Erixon is a junior politics and rhetoric double major and can be contacted at email@example.com
Last Thursday the Senate banking committee voted to approve former Ohio Attorney General Richard Cordray as the director of the newly created Consumer Financial Protection Bureau. Ordinarily, this would mean Cordray is one step closer to being confirmed but these are not ordinary times.
Despite Cordray’s unquestionable credentials and committee approval, he has very little chance at being confirmed by the full Senate. In fact, if the Republicans have their way, his nomination may never even come up for a vote. Republican leaders in the Senate have pledged to do all in their power to block Cordray and any other candidate for the CFPB.
Years ago, when government worked and our leaders respected each other, whenever the President would nominate someone to fill a cabinet post or a judgeship, their professional qualifications would be all that mattered. Starting with Robert Bork’s Supreme Court nomination in 1987, that all changed.
Confirmation hearings have become increasingly partisan and all aspects of our government are suffering. One in eight federal judgeships are currently vacant and in President Obama’s first 18 months in office only 47 percent of his nominees were confirmed. At the current rate that retiring or deceased judges are being replaced, as many as half of all federal judgeships could be empty by the end of this decade.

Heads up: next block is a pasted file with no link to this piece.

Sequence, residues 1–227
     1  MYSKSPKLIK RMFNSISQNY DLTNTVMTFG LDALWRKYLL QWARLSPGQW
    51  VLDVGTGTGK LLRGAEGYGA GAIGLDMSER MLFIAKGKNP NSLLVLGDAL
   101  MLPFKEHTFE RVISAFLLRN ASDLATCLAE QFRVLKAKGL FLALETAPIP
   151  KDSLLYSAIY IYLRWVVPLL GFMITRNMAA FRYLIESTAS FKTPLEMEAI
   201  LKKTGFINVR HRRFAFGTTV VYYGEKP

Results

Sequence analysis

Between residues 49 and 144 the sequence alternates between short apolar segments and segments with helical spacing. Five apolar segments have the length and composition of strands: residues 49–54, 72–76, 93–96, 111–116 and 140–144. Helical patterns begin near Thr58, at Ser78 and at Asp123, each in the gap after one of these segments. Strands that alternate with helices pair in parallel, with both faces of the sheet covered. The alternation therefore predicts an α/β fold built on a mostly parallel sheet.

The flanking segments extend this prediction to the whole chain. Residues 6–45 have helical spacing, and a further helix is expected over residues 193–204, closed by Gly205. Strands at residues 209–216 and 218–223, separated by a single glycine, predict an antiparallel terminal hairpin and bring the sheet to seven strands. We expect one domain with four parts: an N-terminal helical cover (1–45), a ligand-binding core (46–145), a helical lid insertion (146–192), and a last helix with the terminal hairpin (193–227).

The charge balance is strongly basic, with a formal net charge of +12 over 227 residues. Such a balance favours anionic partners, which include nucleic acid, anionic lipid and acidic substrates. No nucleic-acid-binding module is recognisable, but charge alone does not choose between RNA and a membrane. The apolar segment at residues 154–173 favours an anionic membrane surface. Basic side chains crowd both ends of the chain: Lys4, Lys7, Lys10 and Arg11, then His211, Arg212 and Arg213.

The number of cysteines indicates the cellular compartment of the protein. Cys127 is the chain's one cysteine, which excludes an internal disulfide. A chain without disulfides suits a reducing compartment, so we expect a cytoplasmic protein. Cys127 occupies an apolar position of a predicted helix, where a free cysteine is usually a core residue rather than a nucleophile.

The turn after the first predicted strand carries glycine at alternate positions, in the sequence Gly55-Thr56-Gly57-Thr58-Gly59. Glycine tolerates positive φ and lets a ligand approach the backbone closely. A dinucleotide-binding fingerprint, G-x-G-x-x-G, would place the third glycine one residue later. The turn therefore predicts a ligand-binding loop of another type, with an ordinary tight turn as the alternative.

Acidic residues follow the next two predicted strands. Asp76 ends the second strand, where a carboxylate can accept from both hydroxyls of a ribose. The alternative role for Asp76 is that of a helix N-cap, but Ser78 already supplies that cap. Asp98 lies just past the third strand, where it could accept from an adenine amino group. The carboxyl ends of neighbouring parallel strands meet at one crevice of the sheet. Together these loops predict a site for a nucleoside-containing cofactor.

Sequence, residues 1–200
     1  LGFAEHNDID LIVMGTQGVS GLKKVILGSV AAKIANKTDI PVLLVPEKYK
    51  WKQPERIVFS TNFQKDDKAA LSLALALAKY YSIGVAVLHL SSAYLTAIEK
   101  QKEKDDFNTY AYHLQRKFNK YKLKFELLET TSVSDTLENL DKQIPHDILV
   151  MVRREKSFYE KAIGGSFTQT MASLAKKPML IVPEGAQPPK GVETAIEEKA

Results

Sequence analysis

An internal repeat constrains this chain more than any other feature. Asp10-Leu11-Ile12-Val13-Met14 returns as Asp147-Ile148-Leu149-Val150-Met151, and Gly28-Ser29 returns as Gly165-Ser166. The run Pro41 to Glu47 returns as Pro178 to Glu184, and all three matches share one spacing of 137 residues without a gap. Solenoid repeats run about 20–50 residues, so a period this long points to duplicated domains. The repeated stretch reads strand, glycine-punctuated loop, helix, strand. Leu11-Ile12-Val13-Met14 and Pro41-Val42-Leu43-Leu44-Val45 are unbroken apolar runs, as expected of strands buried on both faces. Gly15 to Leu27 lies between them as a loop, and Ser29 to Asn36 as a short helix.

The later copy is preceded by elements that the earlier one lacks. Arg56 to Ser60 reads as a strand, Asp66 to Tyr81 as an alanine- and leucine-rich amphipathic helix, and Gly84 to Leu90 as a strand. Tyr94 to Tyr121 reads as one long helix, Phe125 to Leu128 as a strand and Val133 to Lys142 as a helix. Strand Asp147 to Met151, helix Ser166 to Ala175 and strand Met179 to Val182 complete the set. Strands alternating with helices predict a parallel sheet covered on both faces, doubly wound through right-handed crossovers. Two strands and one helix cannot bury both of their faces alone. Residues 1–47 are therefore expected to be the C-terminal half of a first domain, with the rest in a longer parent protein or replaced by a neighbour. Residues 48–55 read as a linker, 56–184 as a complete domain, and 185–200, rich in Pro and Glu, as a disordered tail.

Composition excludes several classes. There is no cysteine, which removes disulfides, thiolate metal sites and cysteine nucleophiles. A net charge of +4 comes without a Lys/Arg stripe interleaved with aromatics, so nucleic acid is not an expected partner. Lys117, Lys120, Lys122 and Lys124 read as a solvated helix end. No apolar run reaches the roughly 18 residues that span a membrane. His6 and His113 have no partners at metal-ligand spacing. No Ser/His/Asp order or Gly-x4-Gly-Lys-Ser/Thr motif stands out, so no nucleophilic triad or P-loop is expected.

This is a disturbing trend that both Democrats and Republicans are complicit in, however the recent Republican revolution in Congress has pushed it into overdrive. Since the Tea Party’s wave of victory in 2010, the very idea of responsible governance has become a fond memory. This recent kerfuffle over the CFPB sets a new and dangerous precedent, and it should not be ignored.
The CFPB was set up by the Dodd-Frank Act, which passed with majorities in both chambers of Congress and was signed by President Obama in 2010. It is law. The Republicans are trying to undo this law by using the confirmation process to circumvent the authority of the previous Congress. They don’t like Dodd-Frank or the CFPB, but because they do not have a majority they can’t repeal the bill so they’ve found the next best thing: they are preventing its provisions from being effective.
They are using their duty to confirm nominees as a political tool of retribution, to get back at Democrats for passing a bill they don’t like. They have publicly vowed that they will not allow a vote on any CFPB nominee until certain changes to the Bureau are made. That is not how lawmaking is supposed to work.
By subverting the confirmation process in this way, the Republicans are setting a dangerous precedent, and I fear where this may lead us. As the Tea Party becomes more and more attached to the idea of eliminating the Department of Education and the EPA, what is to stop them from using this same legislative tool to stop future presidents from filling posts in those departments? They have clearly shown that their central goal is a systematic dismantling of government, but if they can’t get that, will they settle for slowly ripping it apart from the inside?